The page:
The challenge is also to develop strategies to bring about systemic change so that the rights of people with mental illness are respected. They and their families need to be consulted and treated with respect and kindness within the healthcare system. My own view is that overworked, under-resourced healthcare workers are at particular risk of stigmatising people with mental illness.

How can we improve community attitudes?

In recent years, our understanding of how to improve community attitudes to mental illness has become more sophisticated. There is now awareness that we need long-term strategies to combat stigma by disengaging mental illness from associated fears and anxieties and by improving knowledge and attitudes. Two important ways of doing this are improvement in "mental health literacy"7 and stopping the constant reinforcement of stigma by the media.

Jorm and colleagues7 have demonstrated widespread community misunderstanding about mental health problems and their treatment, highlighting the need for improvement in mental health literacy. Programs such as the Compass Strategy in Victoria8 are being set up to improve mental health literacy in young people. Carefully designed cinema advertisements, supported by posters and postcards, are distributed in places where young people get together, in association with school and parent education programs. The intent is that, as mental illness becomes demystified, young people will better understand the early signs of mental illness and feel able to get help for themselves or their friends.

The media are essential players in any movement for change, as they have an important role in determining public attitudes to mental illness.9,10 Myths and misconceptions about schizophrenia are continually reinforced by stereotypical and often destructive media images — for example, people with schizophrenia are almost exclusively depicted as violent, and inaccurately and quite pervasively characterised as having a "split personality" (as recently offensively portrayed in the film Me, Myself and Irene [20th Century Fox, 2000]). Programs are now in place to encourage the media to report mental illnesses such as schizophrenia responsibly. In Australia, the Federal Government has taken a lead through its Mindframe National Media Strategy, which has supported several positive initiatives, including a media kit on responsible reporting for journalists, "ResponseAbility" education resources for journalism students, and expansion of the SANE StigmaWatch program.11,12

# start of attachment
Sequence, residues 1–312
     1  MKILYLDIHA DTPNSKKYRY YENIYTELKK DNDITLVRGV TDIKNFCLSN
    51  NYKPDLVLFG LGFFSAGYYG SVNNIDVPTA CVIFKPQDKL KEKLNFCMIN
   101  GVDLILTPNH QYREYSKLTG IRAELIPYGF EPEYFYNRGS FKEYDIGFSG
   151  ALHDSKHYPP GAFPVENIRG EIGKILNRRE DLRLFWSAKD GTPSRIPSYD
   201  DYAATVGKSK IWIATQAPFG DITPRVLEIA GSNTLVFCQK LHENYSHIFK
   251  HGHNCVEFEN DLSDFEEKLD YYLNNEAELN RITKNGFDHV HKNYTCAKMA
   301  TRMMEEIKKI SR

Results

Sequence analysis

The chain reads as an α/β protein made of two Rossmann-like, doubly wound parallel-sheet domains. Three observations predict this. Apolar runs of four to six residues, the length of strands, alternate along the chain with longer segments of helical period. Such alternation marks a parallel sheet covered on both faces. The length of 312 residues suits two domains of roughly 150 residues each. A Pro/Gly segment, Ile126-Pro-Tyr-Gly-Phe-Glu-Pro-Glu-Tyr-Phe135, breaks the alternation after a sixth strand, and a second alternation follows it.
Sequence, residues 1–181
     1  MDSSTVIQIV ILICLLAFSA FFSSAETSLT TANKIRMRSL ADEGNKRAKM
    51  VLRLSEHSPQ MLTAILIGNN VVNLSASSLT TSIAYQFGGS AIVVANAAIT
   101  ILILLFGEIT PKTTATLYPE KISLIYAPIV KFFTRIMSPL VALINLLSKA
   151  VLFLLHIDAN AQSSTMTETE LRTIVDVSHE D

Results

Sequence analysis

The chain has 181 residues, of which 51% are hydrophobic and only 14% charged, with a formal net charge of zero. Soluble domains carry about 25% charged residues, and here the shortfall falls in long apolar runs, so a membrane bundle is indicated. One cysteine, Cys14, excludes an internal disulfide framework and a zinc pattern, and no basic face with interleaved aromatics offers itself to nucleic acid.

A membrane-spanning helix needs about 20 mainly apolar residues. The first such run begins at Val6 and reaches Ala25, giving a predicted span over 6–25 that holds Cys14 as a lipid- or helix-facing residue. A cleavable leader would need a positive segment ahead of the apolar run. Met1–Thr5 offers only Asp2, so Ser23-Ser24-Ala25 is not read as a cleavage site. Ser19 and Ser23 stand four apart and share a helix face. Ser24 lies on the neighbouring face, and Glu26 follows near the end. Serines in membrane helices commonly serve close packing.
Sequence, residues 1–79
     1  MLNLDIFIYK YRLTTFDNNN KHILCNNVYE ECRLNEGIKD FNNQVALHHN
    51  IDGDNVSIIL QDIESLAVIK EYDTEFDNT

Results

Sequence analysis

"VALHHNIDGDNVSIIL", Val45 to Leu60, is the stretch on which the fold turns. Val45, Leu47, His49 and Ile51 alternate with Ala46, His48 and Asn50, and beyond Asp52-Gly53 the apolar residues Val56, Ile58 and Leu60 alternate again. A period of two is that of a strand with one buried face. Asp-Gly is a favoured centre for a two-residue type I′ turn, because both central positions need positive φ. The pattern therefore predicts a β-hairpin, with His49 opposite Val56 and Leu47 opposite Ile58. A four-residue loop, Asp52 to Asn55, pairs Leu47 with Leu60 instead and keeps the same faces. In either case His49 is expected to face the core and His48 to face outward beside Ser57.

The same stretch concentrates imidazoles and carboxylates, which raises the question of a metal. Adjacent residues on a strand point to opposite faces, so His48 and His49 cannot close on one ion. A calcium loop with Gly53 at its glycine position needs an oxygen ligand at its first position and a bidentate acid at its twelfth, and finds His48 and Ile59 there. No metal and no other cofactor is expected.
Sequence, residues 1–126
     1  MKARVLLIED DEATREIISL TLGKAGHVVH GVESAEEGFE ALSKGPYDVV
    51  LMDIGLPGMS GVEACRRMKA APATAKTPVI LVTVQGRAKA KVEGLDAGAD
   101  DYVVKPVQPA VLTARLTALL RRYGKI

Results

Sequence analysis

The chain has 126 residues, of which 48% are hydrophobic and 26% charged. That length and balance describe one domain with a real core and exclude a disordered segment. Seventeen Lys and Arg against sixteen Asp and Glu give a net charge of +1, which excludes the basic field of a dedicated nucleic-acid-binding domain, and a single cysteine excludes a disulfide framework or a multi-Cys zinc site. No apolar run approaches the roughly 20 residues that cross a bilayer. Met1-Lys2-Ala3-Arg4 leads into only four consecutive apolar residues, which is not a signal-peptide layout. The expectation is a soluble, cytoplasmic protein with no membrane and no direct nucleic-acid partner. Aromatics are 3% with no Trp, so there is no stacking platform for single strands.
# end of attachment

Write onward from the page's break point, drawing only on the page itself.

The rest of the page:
In an era when it is rightly acknowledged that it is better for people with schizophrenia to be treated, wherever possible, in the community,13 we, as a society, have a clear responsibility to reduce the stigma they face. The sad reality is that, for most people with schizophrenia, living in the community does not mean being part of the community.14 We need to ensure that the treatment package includes not only access to good clinical care, a range of community accommodation and rehabilitation programs, family education and support, but also health professionals and communities who are respectful and welcoming.

Received 
12 Sep 2002
accepted 
18 Dec 2002
Barbara Hocking, BSc(Hons), DipEd, DipHEd, GAICD, Executive Director
SANE Australia, South Melbourne, VIC.
Correspondence: 
Competing Interests: 
None identified.
Reference Text: 
SANE Australia. What's your view? SANE phone-in 2000. Available at: http://www.sane.org/campaignsbluesky.html (accessed Jan 2003).
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Byrne P. Psychiatric stigma. J R Soc Med 1997; 90: 618-621.